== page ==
Several epidemiological studies show the same connection, including one out last month from Columbia University in New York that used
government data on 6,115 people to compare sleep patterns and obesity.

Researchers found that people who sleep two to four hours a night are 73% more likely to be obese than those who get seven to nine hours.
Those who get five or more hours of sleep a night are 50% more likely to be obese than normal sleepers. Those who sleep six hours are 23% more likely to be obese.

And, the researchers reported, those who get 10 or more hours are 11% less likely to be obese.

In a way, the latest findings seem counterintuitive “because most people think that sleeping too much contributes to making people fat, but we found the opposite is true,” Mignot says.

He believes that sleep-deprived people eat more because they’re hungrier, they’re awake longer and may be tempted by foods everywhere they go. They often consume far more calories than they burn in the extra hours they’re awake.

People are usually pretty sedentary in that extra waking time —— watching TV, reading, responding to e-mail, Van Cauter says. They may burn an extra 50 calories or so in several hours, but the changes in hormones prompt them to eat far more than 50 calories.

“We believe the changes in appetite regulation are way in excess of the calories needed for the extra hours of wakefulness. We are testing this rigorously in the laboratory now,” she says.

Sleep may ease holiday stress

Obesity experts are intrigued by these findings. “We’ve known that people use food as a pick-me-up when they are tired, but now it appears they are hungrier than we realized, and there is a hormonal basis for their eating,” says Thomas Wadden, director of the Weight and Eating Disorders
Program at the University of Pennsylvania in Philadelphia.

“The one thing that is clear is that during the holidays people should sleep as much as they can and not get too stressed out. That could prevent some of the holiday weight gain.”

Samuel Klein, director of the Center for Human Nutrition at Washington University School of Medicine in St. Louis, says it looks as if “we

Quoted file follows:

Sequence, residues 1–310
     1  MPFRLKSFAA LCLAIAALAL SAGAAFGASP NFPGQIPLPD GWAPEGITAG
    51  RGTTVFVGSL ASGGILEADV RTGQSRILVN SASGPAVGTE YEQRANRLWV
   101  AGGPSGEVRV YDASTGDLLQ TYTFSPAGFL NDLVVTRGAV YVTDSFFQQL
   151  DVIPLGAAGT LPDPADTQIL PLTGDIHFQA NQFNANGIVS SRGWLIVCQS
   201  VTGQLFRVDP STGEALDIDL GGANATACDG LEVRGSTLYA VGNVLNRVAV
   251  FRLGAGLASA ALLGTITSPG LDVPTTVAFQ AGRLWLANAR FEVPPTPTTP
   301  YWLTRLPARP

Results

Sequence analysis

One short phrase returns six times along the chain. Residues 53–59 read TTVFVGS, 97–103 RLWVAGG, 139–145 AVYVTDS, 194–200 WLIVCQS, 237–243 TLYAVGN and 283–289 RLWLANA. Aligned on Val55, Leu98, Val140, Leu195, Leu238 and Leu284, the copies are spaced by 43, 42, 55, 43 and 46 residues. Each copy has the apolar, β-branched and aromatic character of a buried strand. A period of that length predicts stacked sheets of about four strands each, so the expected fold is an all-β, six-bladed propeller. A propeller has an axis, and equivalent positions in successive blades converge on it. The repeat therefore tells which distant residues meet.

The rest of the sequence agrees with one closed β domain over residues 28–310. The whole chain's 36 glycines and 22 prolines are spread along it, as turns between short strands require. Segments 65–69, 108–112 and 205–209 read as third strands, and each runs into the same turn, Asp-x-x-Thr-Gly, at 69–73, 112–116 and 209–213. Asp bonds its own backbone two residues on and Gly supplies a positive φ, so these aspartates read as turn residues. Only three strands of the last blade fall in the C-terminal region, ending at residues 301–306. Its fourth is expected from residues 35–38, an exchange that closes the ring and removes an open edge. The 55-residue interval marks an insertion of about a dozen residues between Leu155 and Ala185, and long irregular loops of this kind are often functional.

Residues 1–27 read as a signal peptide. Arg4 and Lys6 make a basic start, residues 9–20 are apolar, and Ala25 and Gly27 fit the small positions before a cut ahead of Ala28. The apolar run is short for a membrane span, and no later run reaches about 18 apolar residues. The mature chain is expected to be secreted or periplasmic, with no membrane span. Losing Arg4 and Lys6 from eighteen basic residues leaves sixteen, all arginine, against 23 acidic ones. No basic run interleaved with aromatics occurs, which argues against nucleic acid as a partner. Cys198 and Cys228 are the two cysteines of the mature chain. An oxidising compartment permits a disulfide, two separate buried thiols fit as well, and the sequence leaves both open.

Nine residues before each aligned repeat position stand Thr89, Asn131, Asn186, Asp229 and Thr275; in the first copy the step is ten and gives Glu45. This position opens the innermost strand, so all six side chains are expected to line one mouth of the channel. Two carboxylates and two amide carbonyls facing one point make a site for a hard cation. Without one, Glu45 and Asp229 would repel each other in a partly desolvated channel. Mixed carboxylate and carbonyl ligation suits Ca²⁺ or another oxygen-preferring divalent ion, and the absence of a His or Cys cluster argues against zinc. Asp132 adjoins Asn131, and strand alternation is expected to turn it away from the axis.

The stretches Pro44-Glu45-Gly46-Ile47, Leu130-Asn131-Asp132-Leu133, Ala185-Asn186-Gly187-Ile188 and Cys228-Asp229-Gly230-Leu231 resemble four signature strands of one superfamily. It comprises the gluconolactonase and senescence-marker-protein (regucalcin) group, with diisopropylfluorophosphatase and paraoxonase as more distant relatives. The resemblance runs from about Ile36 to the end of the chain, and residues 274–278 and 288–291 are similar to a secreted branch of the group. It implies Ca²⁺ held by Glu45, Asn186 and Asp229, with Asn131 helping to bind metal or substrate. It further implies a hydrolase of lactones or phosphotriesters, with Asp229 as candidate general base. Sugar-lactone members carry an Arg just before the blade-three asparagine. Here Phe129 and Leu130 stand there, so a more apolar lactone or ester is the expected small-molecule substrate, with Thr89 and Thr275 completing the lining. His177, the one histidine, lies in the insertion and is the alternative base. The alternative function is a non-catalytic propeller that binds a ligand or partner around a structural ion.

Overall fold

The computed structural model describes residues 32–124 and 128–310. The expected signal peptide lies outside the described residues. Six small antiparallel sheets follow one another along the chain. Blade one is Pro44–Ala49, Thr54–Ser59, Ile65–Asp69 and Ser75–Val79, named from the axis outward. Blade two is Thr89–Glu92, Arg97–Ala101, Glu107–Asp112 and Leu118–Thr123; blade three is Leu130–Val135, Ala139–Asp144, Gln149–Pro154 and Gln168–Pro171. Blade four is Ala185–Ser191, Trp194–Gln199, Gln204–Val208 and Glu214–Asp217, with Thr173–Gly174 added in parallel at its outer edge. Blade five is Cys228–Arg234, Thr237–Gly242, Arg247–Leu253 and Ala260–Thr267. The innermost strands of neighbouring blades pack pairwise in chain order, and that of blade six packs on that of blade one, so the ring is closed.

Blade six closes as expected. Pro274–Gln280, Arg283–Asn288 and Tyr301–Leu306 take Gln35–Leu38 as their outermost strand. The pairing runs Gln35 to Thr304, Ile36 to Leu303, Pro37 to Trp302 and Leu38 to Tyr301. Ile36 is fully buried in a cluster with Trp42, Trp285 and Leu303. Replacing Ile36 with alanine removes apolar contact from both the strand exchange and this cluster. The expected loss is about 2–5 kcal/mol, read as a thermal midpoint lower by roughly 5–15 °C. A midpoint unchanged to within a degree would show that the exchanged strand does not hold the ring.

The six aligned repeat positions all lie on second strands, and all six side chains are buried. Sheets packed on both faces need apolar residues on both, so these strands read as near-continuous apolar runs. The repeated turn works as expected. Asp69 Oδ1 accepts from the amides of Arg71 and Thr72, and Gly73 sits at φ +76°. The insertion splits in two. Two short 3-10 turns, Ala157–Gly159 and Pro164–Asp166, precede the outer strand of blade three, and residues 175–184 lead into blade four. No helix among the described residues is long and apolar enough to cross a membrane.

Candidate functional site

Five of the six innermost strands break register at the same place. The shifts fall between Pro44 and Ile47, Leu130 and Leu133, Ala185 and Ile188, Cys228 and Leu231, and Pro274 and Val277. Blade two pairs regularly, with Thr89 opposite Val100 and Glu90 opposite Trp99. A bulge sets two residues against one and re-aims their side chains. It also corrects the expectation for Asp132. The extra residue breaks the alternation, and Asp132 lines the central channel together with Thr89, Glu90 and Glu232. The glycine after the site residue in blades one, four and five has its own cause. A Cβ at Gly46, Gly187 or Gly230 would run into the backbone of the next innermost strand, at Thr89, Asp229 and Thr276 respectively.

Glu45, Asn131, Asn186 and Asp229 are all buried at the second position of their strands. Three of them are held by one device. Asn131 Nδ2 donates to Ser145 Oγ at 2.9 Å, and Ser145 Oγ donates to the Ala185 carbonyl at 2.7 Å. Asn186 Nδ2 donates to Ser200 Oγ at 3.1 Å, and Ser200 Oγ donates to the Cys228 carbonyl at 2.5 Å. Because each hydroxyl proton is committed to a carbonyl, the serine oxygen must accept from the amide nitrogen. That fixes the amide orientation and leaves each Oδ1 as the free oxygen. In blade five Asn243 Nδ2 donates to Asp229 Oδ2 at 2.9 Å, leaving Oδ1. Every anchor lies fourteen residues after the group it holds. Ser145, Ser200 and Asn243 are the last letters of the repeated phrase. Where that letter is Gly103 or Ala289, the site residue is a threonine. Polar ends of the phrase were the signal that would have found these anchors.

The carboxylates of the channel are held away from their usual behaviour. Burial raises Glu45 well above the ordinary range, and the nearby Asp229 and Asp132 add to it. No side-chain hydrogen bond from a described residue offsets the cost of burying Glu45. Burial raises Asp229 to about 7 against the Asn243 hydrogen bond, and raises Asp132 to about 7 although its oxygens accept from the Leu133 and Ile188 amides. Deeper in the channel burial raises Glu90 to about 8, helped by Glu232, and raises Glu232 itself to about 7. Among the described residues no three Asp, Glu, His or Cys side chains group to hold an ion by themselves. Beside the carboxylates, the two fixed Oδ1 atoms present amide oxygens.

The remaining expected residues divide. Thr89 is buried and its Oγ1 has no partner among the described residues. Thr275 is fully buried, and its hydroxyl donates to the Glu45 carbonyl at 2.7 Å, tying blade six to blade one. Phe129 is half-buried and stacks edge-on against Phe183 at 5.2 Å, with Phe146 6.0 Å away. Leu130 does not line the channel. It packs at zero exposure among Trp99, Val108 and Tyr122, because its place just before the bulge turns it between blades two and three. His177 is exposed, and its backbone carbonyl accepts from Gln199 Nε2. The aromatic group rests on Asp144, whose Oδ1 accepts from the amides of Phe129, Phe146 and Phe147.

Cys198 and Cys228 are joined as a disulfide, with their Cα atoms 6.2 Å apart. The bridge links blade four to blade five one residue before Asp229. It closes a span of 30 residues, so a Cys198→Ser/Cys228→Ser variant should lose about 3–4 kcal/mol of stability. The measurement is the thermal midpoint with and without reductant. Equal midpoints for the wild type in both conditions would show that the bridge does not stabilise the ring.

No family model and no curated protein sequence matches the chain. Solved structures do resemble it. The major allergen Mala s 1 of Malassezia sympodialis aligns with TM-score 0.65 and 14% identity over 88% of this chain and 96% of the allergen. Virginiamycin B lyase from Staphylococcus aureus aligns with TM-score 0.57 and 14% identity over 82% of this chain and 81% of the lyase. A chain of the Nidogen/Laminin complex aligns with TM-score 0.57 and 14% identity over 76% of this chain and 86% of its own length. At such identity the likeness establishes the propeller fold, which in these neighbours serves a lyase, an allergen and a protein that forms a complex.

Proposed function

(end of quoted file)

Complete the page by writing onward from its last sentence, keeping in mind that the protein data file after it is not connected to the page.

should tell overweight patients to get more sleep. This is advice that’s easier to follow than eat less and exercise more. ”

“It means watching a little less TV at night and getting to bed earlier,” Klein says. “Who on earth would argue about getting more sleep?”

Getting enough sleep and controlling stress are subtle things that could have an impact on weight, agrees Louis Aronne, president of
the North American Association for the Study of Obesity and director of the Comprehensive Weight Control Program at New York Presbyterian Hospital.

Other studies are underway. Van Cauter is looking at how sleep loss affects people on low-calorie diets; how shift workers’ sleep habits affect their weight; and how sleep affects the hunger levels of the morbidly obese. She’s also investigating sleep deprivation in women and older people.

Mignot says researchers now must to do an intervention study in which sleep-deprived people increase their sleep time to see if it helps them lose weight.

“More and more we’re realizing that healthy eating, healthy sleeping and regular exercise are three important things that everyone should
do,” he says.

Van Cauter believes that some people might be extra-sensitive to sleep deprivation, which “makes it very hard” for them to control their appetites.

“Our body is not wired for sleep deprivation,” she says.”The human animal is the only one that does this.”

ACE Research Study Finds Toning Shoes Fail to Deliver on Fitness Claims

29 Sep

The American Council on Exercise (ACE), Americas leading authority on fitness and the largest non-profit fitness certification, education and training organization in the world, today released the findings from an independent research study on the effectiveness of popular toning shoes including Skechers Shape-Ups, MBT (Masai Barefoot Technology) and Reebok EasyTone. The study, one of the first from an independent organization, enlisted a team of researchers from the Exercise and Health Program at the University of Wisconsin, La Crosse, and found no evidence to suggest that the shoes help wearers exercise more intensely, burn more calories or improve muscle strength and tone.